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Particularly, the INEC has been commended for the way it handled its logistics during the November 16 elections in Bayelsa state. Despite the flooding that had ravaged most of the local government areas in the state, the INEC was able to deliver both electoral materials and personnel to various RACs and units in good time. There are some reports in some quarters indicating that David Lyon’s victory is a reflection of the will of the people of Bayelsa to free them from the PDP which under the incumbent governor Seriake Dickson and his Restoration Team had been accused of gross mal-administration. Dickson’s alleged nonperformance especially in the last four years of his eight years term, demonstrated by the hike in the tuition fees of the state-owned Niger-Delta University, as well the nonpayment of salaries and pensions of civil servants and the civil service reforms, which received heavy backlash from most Bayelsans, no doubt, appear weighty enough reasons why the people of Bayelsa were willing the experiment with another option. If this be the case, then democracy surely recorded a victory in Bayelsa state on November 16. Improvement in security was also another obvious positive that could be taken from the November 16 elections in Bayelsa state. Reports have it that before, during and even after the elections, the various security agents were on top of their games and this would have been responsible for the reduction in electoral violence in the state during the polls. The foregoing obvious victories recorded by democracy in Bayelsa state on November 16, apart, it is equally important to state that it was not all victory for democracy in the state during and after the gubernatorial elections in the state. The age-long bad political traditions of thuggery and vote buying reared their ugly heads during the elections in Bayelsa state. In a press release published on the page of its official Twitter handle, @inecnigeria, the INEC’s National Commisioner and Chairman Information and Voter Education Committee, Festus Okoye, noted that in spite of the commission’s efforts to deliver a free, fair, credible and violent-free election, the process was in many places in the state affected by political thuggery and violence. The above, therefore, bears a testimony to the fact that it was not an all rosy outing for democracy in the state as it was actually dealt some blows by the unfortunate incidences of thuggery and violence. For example, violent clash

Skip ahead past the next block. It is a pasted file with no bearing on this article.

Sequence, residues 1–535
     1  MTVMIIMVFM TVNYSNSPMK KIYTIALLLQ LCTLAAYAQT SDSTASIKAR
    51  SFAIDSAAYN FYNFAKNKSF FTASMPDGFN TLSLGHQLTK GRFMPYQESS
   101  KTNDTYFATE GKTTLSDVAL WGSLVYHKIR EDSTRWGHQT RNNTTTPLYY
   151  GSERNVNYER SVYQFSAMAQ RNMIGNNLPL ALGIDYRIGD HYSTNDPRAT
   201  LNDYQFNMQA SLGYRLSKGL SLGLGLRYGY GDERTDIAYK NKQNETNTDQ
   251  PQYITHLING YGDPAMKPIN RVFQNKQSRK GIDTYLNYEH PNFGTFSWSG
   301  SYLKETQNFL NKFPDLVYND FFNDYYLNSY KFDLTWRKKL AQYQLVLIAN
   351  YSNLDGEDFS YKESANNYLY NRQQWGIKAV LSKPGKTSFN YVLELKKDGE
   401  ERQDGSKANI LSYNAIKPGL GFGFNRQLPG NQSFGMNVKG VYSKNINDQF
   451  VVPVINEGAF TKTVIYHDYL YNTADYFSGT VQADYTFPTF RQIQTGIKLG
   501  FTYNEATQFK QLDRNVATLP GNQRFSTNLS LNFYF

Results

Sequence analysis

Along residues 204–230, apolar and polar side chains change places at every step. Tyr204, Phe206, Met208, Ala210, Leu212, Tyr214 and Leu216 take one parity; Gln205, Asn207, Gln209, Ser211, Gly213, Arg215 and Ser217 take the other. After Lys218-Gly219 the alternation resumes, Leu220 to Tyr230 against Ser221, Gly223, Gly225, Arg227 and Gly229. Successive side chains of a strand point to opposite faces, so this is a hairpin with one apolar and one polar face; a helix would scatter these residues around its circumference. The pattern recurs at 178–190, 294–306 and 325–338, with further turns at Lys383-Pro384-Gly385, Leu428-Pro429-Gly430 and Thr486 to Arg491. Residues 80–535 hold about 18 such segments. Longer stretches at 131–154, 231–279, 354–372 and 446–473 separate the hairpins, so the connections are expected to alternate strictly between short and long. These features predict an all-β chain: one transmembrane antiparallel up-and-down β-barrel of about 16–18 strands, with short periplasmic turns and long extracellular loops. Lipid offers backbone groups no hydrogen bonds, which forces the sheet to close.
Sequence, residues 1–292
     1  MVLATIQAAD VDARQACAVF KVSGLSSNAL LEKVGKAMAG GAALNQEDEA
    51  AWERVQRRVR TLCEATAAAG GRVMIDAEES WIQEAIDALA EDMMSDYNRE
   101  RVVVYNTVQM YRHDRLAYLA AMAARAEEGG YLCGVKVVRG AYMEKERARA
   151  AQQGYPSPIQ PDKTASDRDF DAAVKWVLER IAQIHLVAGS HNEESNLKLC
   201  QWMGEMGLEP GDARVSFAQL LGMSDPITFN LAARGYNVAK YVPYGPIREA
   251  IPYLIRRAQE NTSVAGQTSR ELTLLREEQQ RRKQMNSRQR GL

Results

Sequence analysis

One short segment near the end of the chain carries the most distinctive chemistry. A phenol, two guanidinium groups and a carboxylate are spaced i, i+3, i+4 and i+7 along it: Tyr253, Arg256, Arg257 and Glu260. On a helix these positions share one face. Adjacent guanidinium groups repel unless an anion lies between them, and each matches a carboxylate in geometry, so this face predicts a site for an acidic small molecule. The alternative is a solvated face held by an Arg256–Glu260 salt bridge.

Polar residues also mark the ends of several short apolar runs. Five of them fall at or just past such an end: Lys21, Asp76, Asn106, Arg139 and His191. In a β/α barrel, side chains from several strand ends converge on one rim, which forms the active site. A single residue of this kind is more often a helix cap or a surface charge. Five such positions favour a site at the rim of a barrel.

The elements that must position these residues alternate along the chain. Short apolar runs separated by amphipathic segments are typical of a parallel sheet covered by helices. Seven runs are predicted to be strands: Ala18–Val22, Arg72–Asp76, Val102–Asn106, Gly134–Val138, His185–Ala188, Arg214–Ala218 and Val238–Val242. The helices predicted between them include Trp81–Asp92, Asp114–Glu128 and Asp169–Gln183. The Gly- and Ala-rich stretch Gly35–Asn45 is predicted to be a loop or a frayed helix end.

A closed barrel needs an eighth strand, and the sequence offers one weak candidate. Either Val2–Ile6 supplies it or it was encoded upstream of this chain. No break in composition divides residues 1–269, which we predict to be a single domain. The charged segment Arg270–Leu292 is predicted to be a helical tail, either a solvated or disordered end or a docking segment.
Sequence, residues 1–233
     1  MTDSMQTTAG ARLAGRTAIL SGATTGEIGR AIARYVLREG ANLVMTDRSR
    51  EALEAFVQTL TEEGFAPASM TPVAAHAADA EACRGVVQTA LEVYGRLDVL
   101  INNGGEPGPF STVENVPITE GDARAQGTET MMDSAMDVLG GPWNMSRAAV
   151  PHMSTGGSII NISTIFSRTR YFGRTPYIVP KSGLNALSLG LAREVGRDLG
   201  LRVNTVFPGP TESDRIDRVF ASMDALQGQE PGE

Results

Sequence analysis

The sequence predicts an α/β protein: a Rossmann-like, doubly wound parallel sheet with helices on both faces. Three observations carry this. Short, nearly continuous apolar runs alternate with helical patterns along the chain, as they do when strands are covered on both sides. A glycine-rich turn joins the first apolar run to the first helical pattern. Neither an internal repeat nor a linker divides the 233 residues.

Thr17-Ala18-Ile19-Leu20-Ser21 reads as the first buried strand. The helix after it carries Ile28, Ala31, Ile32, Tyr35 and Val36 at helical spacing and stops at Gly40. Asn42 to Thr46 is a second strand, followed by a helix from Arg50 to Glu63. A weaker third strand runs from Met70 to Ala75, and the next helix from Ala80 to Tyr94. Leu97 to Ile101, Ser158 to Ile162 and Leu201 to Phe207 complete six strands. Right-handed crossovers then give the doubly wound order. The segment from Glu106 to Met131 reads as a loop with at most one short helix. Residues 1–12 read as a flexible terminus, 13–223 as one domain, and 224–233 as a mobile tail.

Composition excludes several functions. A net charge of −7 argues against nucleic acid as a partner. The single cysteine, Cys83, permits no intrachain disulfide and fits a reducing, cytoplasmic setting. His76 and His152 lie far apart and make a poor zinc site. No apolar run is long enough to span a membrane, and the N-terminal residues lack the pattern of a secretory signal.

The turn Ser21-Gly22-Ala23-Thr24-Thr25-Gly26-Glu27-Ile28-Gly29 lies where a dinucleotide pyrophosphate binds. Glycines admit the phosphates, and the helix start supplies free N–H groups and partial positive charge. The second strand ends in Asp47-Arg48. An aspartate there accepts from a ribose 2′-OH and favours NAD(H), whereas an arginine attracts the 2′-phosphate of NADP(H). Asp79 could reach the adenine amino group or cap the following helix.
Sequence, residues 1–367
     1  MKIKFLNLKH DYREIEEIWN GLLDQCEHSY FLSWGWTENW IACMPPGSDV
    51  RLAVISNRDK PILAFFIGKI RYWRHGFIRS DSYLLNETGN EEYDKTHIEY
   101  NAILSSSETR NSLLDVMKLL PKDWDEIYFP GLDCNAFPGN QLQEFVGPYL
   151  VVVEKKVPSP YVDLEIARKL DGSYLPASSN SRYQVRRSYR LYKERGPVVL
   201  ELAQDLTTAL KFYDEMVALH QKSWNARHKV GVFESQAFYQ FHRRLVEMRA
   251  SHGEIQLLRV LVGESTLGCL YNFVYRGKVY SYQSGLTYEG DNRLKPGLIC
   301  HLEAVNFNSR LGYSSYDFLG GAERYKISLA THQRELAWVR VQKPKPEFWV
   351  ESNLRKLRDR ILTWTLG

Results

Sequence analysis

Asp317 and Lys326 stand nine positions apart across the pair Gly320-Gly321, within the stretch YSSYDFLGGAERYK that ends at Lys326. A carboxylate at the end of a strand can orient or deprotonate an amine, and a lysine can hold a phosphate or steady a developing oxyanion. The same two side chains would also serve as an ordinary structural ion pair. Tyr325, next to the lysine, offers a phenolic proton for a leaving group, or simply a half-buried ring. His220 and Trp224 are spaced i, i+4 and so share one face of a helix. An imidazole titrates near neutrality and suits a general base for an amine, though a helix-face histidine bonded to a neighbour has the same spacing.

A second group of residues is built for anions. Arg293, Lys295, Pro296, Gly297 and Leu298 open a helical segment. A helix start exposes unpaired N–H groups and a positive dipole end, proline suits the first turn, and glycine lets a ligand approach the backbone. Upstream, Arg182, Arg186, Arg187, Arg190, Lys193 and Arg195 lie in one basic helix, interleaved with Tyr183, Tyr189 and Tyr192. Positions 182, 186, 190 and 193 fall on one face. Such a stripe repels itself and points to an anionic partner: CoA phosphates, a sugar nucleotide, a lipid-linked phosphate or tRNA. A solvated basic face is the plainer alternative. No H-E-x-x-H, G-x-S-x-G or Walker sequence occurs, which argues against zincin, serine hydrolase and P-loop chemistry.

es between opposing political party supporters were reported in some places in Nembe Local Government Area, as well as in Agbere under Sagbama Local Government Area. Vote buying was another low point that was recorded against democracy during the Bayelsa gubernatorial elections. According to reports, agents of the two major parties in the state engaged in massive vote buying. In places like Sagbama and Kaiama, this issue was reported to have been particularly high. There were also reports of over-voting in places like Kaiama, leading to the cancelation of some units in the town. KOGI Unlike Bayelsa, the outcome of the Kogi State gubernatorial elections held on November 16 surprised many, especially those that had expected it to be a referendum on Governor Yahaya Bello. According to the result announced by the INEC returning officer in the state and the Vice Chancellor of Ahmadu Bello University Zaria, Professor Ibrahim Garba, Yahaya Bello of the APC polled a total of 406, 222 votes to defeat Musa Wada of the PDP who polled a total of 189,704 votes. Going into the polls on Saturday, a lot of odds seemed to be against incumbent Yahaya Bello. However, in what can best be described as a political miracle, Bello recorded a landslide victory against his closest rival Musa Wada. The candidate of the PDP, Musa Wada almost immediately after the declaration of Bello as the winner, rejected the results that were declared, and stated in a video that was twitted by his party, the PDP that he will be going to the tribunal to challenge the outcome of the elections. According to him, the people of Kogi state exercised their will by voting massively for him and his party, the PDP, but the mandate was stolen from him. It has been reported in some quarters that, the outcome of the Kogi state gubernatorial elections is not just a shame to democracy, but also a rape of the democratic process. According to the media reports, the will of the people in Kogi state was not just thwarted through various electoral malpractices, but was denied through glaring rigging to favour the incumbent Yahaya Bello. In as much as the claim above has not yet been authenticated by any tribunal or court of competent jurisdiction yet, it is a clear pointer to what transpired in Kogi state on Saturday November 16. Although, Governor Yahaya Bello in a statement had described his victory as a victory for true democracy, however, with the spate of violence and irregularities that greeted the process that granted him victory, one is left to wonder if there is no more to what he believes is the true position of things. Away from the above, it is important to acknowledge the fact that the INEC again got their acts right in Kogi state. According to reports, materials and personnel were delivered to RACs and units in good time, and this improvement on the part of the electoral umpire needs to be encouraged. It is however, the mass violence, thuggery, vote buying and over voting that laced the Kogi gubernatorial elections that has remained the major talking point of the apostles of Nigeria’s democracy. In its Press Release, the INEC clearly captured the situation of electoral violence in several parts of Kogi when it stated that it is unfortunate that despite its efforts to deliver a violent-free election to the good people of Kogi, some elements took to violence, disrupting the electoral processes in many places eventually. Following the polls on November 16, several videos have emerged online showing how massive the use of violence was in the Kogi elections. In a particular video, some thugs were seen bearing arms and disrupting the process of voting in one of the units in the state. The extent of the use of thugs to disrupt voting during the Kogi election is another defeat Nigeria’s democracy